Hurricane Harvey claimed 75 lives in Texas and dumped more than 50 inches of rain on Houston, leaving thousands displaced and billions of dollars in damages.
First responders, neighbors, friends and strangers pulled together during some of Houston’s darkest days to rescue people by boat and helicopter. Massive shelters at the George R. Brown Convention Center and NRG Park opened to welcome those who were displaced from the storm.
“I think we handled the disaster part of it great,” said Jim Blackburn, an environmental attorney, co-director of the Severe Storm Prediction, Education and Evacuation from Disasters Center at Rice University (SSPEED) and director of Rice’s undergraduate minor in energy and water sustainability. “The emergency response, the first responders, the Texas National Guard, the Coast Guard, federal, state, local, I think we all did as well as the volunteers—one of the finest moments I think I’ve seen in Houston.”
But given that most of Houston is just 50 feet above sea level, Blackburn believes better city planning is essential for the future.
“Our planning is not nearly as good as our emergency response, so I think that’s where our long-term work is,” Blackburn said. “Thinking about how we approach flooding and living with flooding as opposed to controlling flooding, I think our philosophy is sort of backward here. No one is going to control a 40-inch rain, but we can manage it. We can live with it.”
According to Blackburn, “living with flooding” means understanding the severity of future storms, buying out large portions of the city that are prone to flooding, imposing regulations on new developments and creating better flood warning systems for the city.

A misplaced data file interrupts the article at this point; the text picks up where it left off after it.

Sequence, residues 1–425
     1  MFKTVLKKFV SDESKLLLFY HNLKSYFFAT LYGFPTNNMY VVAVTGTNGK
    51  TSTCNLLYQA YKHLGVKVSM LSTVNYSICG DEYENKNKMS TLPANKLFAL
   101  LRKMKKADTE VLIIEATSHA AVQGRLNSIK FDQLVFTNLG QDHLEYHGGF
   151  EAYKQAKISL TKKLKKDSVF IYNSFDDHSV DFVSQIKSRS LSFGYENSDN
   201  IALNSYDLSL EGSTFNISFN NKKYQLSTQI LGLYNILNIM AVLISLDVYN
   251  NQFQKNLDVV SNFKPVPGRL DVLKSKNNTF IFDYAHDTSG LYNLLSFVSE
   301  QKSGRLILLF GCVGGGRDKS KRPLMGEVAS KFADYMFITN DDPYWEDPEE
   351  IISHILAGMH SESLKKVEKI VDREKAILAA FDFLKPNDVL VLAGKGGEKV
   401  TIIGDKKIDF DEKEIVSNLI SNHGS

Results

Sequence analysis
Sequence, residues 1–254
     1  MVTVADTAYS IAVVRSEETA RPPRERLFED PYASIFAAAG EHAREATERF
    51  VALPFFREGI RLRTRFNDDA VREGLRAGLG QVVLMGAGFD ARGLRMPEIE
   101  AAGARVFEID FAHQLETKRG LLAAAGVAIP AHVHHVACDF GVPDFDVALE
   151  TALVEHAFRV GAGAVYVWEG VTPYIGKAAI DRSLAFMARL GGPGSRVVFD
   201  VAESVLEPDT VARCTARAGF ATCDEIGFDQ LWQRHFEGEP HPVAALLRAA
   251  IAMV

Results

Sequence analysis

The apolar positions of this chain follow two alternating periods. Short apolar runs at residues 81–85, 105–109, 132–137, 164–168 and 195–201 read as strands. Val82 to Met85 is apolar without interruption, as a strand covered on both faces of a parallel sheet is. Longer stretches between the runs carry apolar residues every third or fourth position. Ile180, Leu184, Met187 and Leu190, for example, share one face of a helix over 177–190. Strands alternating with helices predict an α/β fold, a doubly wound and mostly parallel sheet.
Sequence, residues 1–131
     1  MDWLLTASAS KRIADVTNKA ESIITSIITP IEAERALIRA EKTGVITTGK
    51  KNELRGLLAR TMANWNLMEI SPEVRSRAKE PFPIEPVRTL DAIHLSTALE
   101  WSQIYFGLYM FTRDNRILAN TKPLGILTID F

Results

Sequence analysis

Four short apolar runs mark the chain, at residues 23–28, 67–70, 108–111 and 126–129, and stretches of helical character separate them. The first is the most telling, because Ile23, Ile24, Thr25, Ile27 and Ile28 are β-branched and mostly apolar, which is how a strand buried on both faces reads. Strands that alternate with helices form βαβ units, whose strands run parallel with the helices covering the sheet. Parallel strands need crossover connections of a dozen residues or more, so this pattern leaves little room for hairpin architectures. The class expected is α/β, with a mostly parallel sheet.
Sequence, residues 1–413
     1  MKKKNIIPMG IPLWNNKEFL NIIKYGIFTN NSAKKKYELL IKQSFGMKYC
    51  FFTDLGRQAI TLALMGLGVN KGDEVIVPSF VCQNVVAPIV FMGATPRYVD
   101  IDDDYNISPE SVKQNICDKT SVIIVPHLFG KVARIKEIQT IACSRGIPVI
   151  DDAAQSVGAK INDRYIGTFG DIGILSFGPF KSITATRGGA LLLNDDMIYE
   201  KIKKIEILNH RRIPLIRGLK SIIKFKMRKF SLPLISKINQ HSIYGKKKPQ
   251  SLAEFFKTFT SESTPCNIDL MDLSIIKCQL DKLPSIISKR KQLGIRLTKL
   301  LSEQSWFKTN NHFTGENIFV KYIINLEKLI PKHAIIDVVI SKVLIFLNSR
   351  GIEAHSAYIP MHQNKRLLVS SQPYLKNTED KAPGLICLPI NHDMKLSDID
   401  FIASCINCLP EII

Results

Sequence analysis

“As bad as Harvey was, it was not the worst case,” he said. “We have to consider in the future that the sea level is going to be higher and that storms are going to be getting bigger. The oceans are getting hotter—the Gulf is getting hotter, and that is just a fact. These storms run off of the heat of the ocean and if the ocean is getting hotter, the storm is getting bigger. Period.”
Blackburn noted several areas in Houston that have flooded multiple times since Tropical Storm Allison in 2001, including Cypress Creek, Brays Bayou, Friendswood, Clear Creek, Mary’s Creek, Greens Bayou, Halls Bayou, Hunting Bayou and White Oak Bayou. To mitigate the losses of flooding, Blackburn suggests a massive buyout of areas that have flooded multiple times.
“We’ve never really wanted to admit we couldn’t protect some areas, but I think we have to admit that and turn them into green space,” he said.
Blackburn proposes a combination of local, state and federal funding for the buyout, including taxing Harris County citizens.
“I think there are several things that need to be done,” he said. “We need new reservoirs, we need buyout money, we need money for improving the overall system and we are going to have to raise some of that locally. Local, state and federal will be the combination. We are looking at needing several billion dollars. It is not small money; we had major damage and we have had recurring major damage.”
Responsible building and accurate planning will make a big difference in avoiding massive flooding in the future.
“I think it is primarily the development community who has benefited from the past rules,” he said. “That has allowed cheaper housing to be provided, and it has been subsidized in part by flooding people downstream.”
Most new developments in Houston are also built according to a 100-year floodplain, Blackburn explained. The problem with that? We have endured three 100-year floods in the past 20 years.
“We had a huge rainfall during Harvey and probably no city in the world could have handled that much rain,” he said. “But it’s a lot more than we have been planning for and we have known for a long time we weren’t planning for large enough rains. We have to figure out what number we need to plan for and then we need to use it across the board.”